My first dining experience at Rinaldi’s was my family’s introduction to Longmeadow. It was July 2006, and we were living in Washington, D.C. We were driving back home after a vacation in Maine and decided to stop and get acquainted with western Massachusetts. I had received a job offer to work in Springfield while we were on vacation, and I needed to give them an answer. My wife had never lived in the northeast, and I had been out to Springfield exactly twice while I lived in Boston.
After a long car ride from Maine with a cranky six-month old baby, we rolled into Longmeadow at supper time. We stopped at Rinaldi’s because it was the first restaurant we saw. I cannot remember what we had to eat, but I immediately formed the impression that this was the local hangout place. I was not wrong.
It seemed like a comfortable, well-worn shoe, a place where teenagers would have a bite to eat on a Saturday night, or a place where locals would pick up a pizza to take home. Like the bar in the TV show Cheers, a place where everyone knows your name. Maybe it wasn’t as cool and vibrant as Arnold’s, the malt shop in the TV show Happy Days which everyone wished was in their town, but Rinaldi’s was as welcoming as real life could get.
The closing of Rinaldi’s after 40 or so years is not just the end of another family business in Longmeadow; it is the finale for a restaurant that will hold a place in our memories for some time to come. A generation or two of teenagers and their families had passed through the doors of Rinaldi’s even before my family stopped there in 2006. Children whose parents needed to read the menu for them, they grew up, went to college, returned home, had their own children, and brought them into Rinaldi’s and read the menu to them.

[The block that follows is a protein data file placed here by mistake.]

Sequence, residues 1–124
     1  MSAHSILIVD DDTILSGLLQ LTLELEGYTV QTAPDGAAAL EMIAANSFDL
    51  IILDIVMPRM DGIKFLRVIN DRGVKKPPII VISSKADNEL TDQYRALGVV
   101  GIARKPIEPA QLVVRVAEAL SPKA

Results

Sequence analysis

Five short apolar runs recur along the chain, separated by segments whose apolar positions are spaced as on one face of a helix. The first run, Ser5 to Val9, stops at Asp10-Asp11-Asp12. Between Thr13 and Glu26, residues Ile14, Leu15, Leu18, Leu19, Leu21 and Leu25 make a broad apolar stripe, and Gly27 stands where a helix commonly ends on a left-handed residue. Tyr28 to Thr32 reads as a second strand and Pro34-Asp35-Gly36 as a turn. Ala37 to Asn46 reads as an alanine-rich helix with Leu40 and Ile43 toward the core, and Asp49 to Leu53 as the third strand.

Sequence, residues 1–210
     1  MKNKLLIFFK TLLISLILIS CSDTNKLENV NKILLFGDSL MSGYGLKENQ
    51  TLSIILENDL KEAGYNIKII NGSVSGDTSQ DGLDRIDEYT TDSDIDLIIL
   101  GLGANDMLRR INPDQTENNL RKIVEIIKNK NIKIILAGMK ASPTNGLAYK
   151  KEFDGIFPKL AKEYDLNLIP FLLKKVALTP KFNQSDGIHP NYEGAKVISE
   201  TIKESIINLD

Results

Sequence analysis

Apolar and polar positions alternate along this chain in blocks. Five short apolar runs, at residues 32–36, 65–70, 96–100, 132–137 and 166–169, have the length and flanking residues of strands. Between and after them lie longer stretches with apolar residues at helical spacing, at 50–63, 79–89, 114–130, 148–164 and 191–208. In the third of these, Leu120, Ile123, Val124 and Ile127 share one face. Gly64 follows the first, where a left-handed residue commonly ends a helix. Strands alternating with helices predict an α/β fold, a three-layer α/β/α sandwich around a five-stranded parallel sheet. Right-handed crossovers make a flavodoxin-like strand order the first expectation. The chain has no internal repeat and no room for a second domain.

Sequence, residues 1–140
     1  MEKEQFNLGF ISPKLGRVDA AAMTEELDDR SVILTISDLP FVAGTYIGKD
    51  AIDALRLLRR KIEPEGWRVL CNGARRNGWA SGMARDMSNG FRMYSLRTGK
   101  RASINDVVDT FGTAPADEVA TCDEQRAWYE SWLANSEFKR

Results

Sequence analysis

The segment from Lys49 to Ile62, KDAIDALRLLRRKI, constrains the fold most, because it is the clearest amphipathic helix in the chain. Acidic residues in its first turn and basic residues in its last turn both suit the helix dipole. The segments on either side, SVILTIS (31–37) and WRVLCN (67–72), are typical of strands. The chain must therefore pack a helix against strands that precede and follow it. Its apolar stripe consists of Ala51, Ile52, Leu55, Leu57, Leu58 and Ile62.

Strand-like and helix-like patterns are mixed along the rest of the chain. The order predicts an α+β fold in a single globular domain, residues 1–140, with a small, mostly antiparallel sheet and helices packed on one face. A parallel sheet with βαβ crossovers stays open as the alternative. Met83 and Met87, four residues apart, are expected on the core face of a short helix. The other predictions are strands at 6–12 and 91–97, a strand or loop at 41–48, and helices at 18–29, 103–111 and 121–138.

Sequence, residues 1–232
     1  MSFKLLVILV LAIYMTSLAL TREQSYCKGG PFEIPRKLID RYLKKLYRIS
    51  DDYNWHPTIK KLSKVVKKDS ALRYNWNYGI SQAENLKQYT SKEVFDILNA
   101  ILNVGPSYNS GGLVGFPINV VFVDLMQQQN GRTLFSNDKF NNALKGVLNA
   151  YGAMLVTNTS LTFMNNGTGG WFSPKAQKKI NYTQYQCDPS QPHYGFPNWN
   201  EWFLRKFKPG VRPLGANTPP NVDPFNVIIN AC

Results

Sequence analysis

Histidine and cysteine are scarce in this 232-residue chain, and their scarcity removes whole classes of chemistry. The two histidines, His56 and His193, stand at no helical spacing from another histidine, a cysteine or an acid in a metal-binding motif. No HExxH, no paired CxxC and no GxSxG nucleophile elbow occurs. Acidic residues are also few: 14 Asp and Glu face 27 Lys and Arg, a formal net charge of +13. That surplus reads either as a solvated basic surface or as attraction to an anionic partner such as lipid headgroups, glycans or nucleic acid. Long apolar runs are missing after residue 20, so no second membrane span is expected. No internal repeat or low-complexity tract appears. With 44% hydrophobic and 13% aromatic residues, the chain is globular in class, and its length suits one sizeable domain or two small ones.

Not many businesses can claim to have touched the lives of so many people. It is part of the human experience to wish to be remembered in some way. Being remembered is the closest we can come to achieving immortality. And as much as we know the futility of that endeavor—witness the countless markers in cemeteries for lives we know not at all—we never stop trying. The owners and staff of Rinaldi’s can take pride in the fact that they succeeded in building something that was part of the fabric of Longmeadow, something that helped to make Longmeadow feel like a comfortable place to call home.
Rinaldi’s goes in the pantheon of local establishments which cannot be replaced. Brightwood Hardware was such a business, and so is Alex’s Bagels, which lives on, stronger than ever. Restaurants and shops like these become legendary with the passage of years. There is a place in Orono, Maine called Pat’s Pizza that was a favorite of my grandparents while they were in college in the late 1930s, and of my mother a generation later. The greatest generation sat in those booths, yucking it up before heading off to fight and win a world war. I cannot go into Pat’s Pizza without feeling that there is something sacred about the place.
No doubt that is true for people who grew up with Rinaldi’s, or the now-closed Hu Ke Lau that is another hangout fondly remembered by Longmeadow High School alums.
What is that transforms a modest amount of retail space, some booths, some tables and chairs, and a little décor into a space imbued with memories, with a touch of the sacred? Surely it cannot just be the food and the service, however friendly it may be, as it surely was at Rinaldi’s. Yes, the pizza was good, but that was not all.
It is the passage of time, the consistency of always being there, that makes a local business a veritable institution. It is that quality that makes your childhood home, still in the hands of your parents and a place you may return to whenever you like, special in a way that their retirement condo in Florida will never be. Rinaldi’s, serving
Longmeadow from the long-haired disco days of the 1970s to the tech-obsessed days of the 2010s, was always there, and
now it is gone. Longmeadow bids that modest restaurant a fond farewell.
– Alex J. Grant is a lawyer living in Longmeadow. His email address is email@example.com.